In the brothers’ crusade against the Russian Mafia, and during the investigations of FBI agent Paul Smecker, we are often give an array of blood-splattered shootout with slow-motion action. This can be kind of cheesy by today’s action standards, but you can’t deny it’s still cool to watch. And the fact that it takes place in Boston is just another comment to the Irish diaspora.

I can’t say the sequel (The Boondock Saints: All Saints Day) continues the same fun, but no one likes to see a story unfinished. And one-hit wonder director Troy Duffy is said to be completing the intended trilogy. Like any Irish patriot or enthusiast, The Boondock Saints do not wish to go gently into the good night. As with any Irish character in this list, they will always rage against the dying of the light. And St. Patrick’s Day is definitely no exception.

Ondine (2009)

Made by one of the best known Irish-born filmmakers Neil Jordan (Interview with the Vampire), this is like if Splash took place in Ireland, and instead of a mermaid, we have a selkie.

According to ancient Celtic mythology, a selkie is a seal that can transform into a human on land after shedding its fur coat. For Irish fisherman Syracuse (Colin Farrell), they’re just folklore to tell his wheelchair-bound daughter Annie about as she is getting her dialysis.

But then one day, he catches a woman in her nets and suspicious things happen around her. She refuses to go to a hospital or be seen by anyone but her rescuer. When she sings on his boat in an unknown language, he catches bountifuls of lobsters and salmon in his nets. Is she a real selkie? Well, if there’s one thing apparent, it’s the love growing between the couple, and imagination of Annie, the latter which is growing into full belief.

Audiences themselves are put into this same position. Jordan fills this romantic drama with a magical realism that Ireland can call its own. We see beautiful scenery of the ocean and the rustic fishing villages. The pace has a dreamlike quality, and line between reality and fantasy is quite blurry, while its realistic characters make us half-guess the truth.

Truly, Ondine is a contemporary fairy tale that will not only put you in the Irish spirit, but make you believe in magic and miracles in a world where neither seem to exist.

The Secret of Roan Inish (1994)

This is another tale involving the legend of selkies. But whereas the previous film is a more serious romantic drama, The Secret of Roan Inish is a more family-friendly tale. This movie is a dose of magical realism Irish-style.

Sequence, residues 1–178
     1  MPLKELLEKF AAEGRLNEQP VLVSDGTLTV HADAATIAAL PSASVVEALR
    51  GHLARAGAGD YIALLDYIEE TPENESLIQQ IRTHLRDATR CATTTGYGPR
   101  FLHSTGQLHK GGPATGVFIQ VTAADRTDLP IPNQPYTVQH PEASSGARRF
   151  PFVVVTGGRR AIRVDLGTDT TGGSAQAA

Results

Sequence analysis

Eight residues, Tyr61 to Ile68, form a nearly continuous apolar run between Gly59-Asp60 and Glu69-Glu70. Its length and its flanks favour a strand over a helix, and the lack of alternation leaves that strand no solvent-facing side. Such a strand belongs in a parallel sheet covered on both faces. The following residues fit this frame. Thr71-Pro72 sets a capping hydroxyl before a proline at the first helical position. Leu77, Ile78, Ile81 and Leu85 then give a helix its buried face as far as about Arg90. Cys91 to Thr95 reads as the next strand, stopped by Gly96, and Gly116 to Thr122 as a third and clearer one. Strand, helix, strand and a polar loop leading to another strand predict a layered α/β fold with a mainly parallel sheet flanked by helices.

Following the death of her mother, during the aftermath of World War II, little Fiona is sent to live with her grandparents to the west coast. There, she lives from relatives and locals about the rich history of the fishing community, involving ancestors who were both human and selkie. She also learns the story of her baby brother, who was said to be swept away by the ocean and now being raised by selkies on the island of Roan Inish.

This movie is just full of colorful characters, alluring cinematography of the Irish coastal landscape, coupled with dream-like imagery, a Gaelic music score, and rich subplots (told near a warm living room fireplace). Critics have said Roan Inish is a modern fable in itself, occupying its own time and place; blending reality and fantasy to a point that it really seems what occurs in this modern fable can actually happen in real life.

Bloody Sunday (2002)

St. Patrick’s Day is essentially a celebration of Irish culture, which includes the country’s rich history. Cinema is just one of many mediums used to preserve historical events. Paul Greengrass is one such director who is known for depicting real-life events (United 93 and 22 July). With his signature use of the hand-held camera, you definitely feels you are there as history itself unfolds.

Bloody Sunday refers to the 1972 shooting incident, in the Bogside area of Derry, Northern Ireland, when British soldiers fired upon unarmed civilians during a protest march against internment. The massacre claimed 14 lives, wounded another 14, and caused a surge of recruitment into the Provisional IRA. It was one of the most significant events of The Troubles, and just the beginning of countless shootings, bombings and riots, caused by hatred and terrorism. It even inspired a U2 song.

Watching the graphic depiction of this infamous event, one may be reminded of the number of times our own country experienced terrorism, from 9/11 to the Boston Marathon Bombings. We are also reminded of the ordinary people who were submerged in the chaos, terrified, but still decide to act even if was the simple act of providing aid to causalities and getting them to safety. In Bloody Sunday, one iconic moment features Irish Catholic priest Edward Daly waving a blood-stained handkerchief as he escorts a group carrying a mortally-wounded boy during the shooting.

Watching this movie, we then look at St. Patrick’s Day as time to reflect on events that put our country in terror and learn blessed we are to still be here, enjoying holidays like this.

Once (2007)